Veterinarians play a significant role in the health and well-being of animals, ranging from household pets to zoo animals to livestock. Becoming a licensed veterinarian can be a long and demanding process, requiring a passion for animals, dedication to education, rigorous coursework, and practical experience. You should also secure disability insurance for soon to be veterinarians as you work towards earning an income.
Here are the steps to becoming a veterinarian:
Step 1: Understand What Becoming a Veterinarian Entails
As a vet, you treat sick and injured animals and may be forced to euthanize an animal at some point. If you feel that some of the duties of a veterinarian are too emotionally challenging for you, you might not want to pursue this career.
Working at an animal shelter or a pet care company could be the best way to determine if veterinary school suits you. Working in pet care can teach you how to handle animals when they are afraid. You may also learn how to recognize an animal that is unwell and how to administer the proper medication.
Step 2: Complete an Undergraduate Degree With Relevant Courses
Most veterinary schools require applicants to acquire an undergraduate degree in biological or physical sciences before applying. To optimize your undergraduate education, research prerequisite undergraduate requirements for veterinary school. Take the recommended courses for undergraduate programs.
Some prerequisite undergraduate courses for veterinary school include:
- Organic Chemistry
- Inorganic Chemistry
Step 3: Gain Practical Experience
Many veterinary schools emphasize that applicants should spend several hours working with animals under the supervision of a veterinarian. A recommendation letter could be mandatory when applying to a veterinarian school. The easiest way to get one is to work with veterinarians.
Internships, volunteering, and job shadowing are some ways to gain experience before applying to veterinary school. It can help to get disability insurance for soon to be veterinarians as you work towards gaining relevant work experience.
If your college offers extracurricular activities that involve working with animals, such as pre-vet or animal care clubs, puppy breeder sign up for as many as possible. Many of these clubs support students who want to study veterinary medicine through internships and student financing.
Step 4: Apply to Veterinary School
Perform well in all your prerequisites before applying to a veterinary program. Below are some veterinary school criteria:
Grade Point Average (GPA)
Maintain a competitive GPA while taking your undergraduate course to increase your chances of getting accepted into veterinary school. Most veterinary schools focus on the courses taken in the last few semesters, so be sure to perform your best.
Graduate Record Examinations
The Graduate Record Examination (GRE) is a widely accepted standard test by veterinary schools for vetting applicants. Other veterinary programs vet applicants using the Medical College Admission Test (MCAT). Getting a good score on these tests puts you in a better position to get accepted into vet school.
Get at least three people to write you a recommendation letter. Most vet schools require a letter from your academic advisor, a veterinarian, and another person you choose. In some schools, you may need recommendation letters from two veterinarians.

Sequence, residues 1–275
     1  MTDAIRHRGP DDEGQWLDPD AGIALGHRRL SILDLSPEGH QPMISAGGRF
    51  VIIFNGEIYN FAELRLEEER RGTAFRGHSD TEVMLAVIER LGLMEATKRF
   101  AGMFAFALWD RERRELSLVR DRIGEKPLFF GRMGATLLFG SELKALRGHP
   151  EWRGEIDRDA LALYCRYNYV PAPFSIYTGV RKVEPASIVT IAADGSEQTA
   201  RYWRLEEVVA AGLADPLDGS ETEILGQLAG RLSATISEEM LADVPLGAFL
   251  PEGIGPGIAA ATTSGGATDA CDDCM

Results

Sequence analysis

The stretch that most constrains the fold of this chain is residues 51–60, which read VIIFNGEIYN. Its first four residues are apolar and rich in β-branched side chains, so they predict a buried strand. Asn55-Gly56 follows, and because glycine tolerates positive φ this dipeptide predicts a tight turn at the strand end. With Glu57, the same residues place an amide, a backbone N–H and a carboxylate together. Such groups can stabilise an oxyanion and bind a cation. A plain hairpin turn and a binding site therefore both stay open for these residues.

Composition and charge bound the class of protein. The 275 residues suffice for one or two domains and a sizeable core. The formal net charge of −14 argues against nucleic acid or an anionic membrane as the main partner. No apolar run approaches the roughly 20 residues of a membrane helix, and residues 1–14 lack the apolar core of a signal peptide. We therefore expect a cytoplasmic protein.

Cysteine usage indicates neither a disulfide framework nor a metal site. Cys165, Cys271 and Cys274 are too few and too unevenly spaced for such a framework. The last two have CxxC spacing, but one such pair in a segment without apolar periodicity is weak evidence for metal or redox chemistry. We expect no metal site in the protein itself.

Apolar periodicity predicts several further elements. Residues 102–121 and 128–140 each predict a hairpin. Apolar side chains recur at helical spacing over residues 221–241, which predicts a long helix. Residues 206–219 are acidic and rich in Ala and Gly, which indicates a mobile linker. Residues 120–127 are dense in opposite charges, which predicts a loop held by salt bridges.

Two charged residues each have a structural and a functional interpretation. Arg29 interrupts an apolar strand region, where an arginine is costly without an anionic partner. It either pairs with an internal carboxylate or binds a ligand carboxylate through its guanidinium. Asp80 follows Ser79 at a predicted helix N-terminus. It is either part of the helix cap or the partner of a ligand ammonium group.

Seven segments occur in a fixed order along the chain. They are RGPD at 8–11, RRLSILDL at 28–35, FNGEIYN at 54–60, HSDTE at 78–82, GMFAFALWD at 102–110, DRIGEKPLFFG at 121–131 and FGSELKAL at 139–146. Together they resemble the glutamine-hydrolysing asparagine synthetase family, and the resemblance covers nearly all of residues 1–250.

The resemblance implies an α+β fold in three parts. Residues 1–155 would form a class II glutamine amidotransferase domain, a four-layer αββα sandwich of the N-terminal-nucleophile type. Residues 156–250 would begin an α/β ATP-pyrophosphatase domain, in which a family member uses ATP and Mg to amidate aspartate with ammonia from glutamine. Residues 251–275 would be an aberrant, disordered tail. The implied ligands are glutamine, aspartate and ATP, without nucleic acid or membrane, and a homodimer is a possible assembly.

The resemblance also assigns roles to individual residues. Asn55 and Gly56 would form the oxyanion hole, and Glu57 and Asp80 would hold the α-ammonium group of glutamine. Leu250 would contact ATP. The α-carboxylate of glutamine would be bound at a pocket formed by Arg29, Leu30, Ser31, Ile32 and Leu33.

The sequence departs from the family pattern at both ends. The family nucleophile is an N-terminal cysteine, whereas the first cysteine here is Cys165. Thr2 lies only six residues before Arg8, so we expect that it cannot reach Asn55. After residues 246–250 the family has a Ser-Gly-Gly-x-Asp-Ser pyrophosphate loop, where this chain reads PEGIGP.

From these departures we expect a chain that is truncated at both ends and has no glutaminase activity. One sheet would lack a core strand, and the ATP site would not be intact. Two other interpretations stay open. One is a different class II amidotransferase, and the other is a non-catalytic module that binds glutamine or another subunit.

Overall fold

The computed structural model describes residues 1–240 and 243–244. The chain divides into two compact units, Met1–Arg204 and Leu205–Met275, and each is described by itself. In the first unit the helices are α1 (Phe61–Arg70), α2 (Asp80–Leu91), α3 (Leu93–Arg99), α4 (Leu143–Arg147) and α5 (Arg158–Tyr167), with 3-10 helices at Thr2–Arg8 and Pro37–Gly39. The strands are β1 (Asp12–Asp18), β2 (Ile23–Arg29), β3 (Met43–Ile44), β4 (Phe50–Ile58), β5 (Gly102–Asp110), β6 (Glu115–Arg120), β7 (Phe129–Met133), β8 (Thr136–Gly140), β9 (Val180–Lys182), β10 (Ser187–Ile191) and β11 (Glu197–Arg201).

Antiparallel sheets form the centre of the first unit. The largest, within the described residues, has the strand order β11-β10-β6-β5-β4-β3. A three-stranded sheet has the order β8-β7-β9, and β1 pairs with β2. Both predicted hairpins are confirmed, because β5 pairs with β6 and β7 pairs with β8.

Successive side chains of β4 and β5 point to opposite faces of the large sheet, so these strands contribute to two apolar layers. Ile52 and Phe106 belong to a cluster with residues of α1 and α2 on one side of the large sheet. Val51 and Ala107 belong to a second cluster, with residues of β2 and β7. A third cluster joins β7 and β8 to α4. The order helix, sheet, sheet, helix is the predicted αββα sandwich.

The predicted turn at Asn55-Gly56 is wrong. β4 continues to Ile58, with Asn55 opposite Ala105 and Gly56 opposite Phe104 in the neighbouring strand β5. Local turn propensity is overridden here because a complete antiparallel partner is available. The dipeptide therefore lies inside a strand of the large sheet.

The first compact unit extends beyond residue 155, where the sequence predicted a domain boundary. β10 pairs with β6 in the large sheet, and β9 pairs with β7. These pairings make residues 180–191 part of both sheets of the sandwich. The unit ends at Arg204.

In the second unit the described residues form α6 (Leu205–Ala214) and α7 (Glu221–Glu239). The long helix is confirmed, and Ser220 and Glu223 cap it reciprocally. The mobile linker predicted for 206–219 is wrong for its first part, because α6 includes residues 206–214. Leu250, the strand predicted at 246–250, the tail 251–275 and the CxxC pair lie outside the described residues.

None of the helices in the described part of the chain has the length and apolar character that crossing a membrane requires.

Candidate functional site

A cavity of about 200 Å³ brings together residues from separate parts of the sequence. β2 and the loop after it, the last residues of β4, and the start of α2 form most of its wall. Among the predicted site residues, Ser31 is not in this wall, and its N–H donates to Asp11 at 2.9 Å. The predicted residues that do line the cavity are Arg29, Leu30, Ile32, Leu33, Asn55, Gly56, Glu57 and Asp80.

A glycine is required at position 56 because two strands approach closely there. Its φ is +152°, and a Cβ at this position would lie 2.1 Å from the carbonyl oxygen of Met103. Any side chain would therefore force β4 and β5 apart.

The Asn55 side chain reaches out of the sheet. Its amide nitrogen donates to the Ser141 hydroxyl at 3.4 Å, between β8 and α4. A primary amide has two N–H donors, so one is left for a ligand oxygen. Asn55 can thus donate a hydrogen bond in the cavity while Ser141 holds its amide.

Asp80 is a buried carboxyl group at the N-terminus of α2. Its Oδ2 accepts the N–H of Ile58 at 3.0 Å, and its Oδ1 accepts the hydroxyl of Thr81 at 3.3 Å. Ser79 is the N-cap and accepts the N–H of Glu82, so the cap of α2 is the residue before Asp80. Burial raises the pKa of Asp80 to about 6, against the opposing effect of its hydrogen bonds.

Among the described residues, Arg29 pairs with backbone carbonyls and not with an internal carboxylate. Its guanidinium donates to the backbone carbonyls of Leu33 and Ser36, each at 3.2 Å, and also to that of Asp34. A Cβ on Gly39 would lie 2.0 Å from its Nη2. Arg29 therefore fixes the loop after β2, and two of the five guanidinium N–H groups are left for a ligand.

You should write a personal essay telling who you are, why you want to be a veterinarian, and how your achievements qualify you. Showcase your passion for animal care, and demonstrate why you are exceptional among other applicants. You can ask your college professor, career guide, and counselor to check your letter and offer tips to improve it. Once you get into vet school, work hard to get your doctor of veterinary medicine (DVM).
Step 5: Study and Pass Your Licensing Exam
You should earn a passing score in the North American Veterinary Licensing Examination (NAVLE) to practice as a licensed veterinarian. If you use your four years in veterinary school to learn and understand veterinary medicine, you should have no trouble passing the NAVLE.
Take your time to study for the exam and use resources like practice questions and mock exams to test your knowledge. You can take the NAVLE in the spring or fall of your final year. If you do not feel ready for the exam, you can wait until the next season to allow for better preparation.
Step 6: Begin Your Career
Once you complete your NAVLE and get your license and any other requirements, you can start practicing as a veterinarian. Avoid waiting until you graduate to start searching for jobs. You can take internships and volunteer while in veterinary school to build your network. During this time, you can get disability insurance to protect your future income if an accident prevents you from starting your career sooner.
Disability Insurance for Soon To Be Veterinarians
If you are a soon-to-be veterinarian, you need to lay the groundwork for you to start and enjoy a long, successful career. That is why you should go to the best schools, work hard to pass your exams, and gain experience through internships and volunteer work.
You can control how much skill you develop and how your career grows. You may not control factors like accidents that may delay your career progress and limit your income prospects. Disability insurance for soon-to-be veterinarians protects your future income as you work towards becoming a veterinarian. Contact a provider to learn more.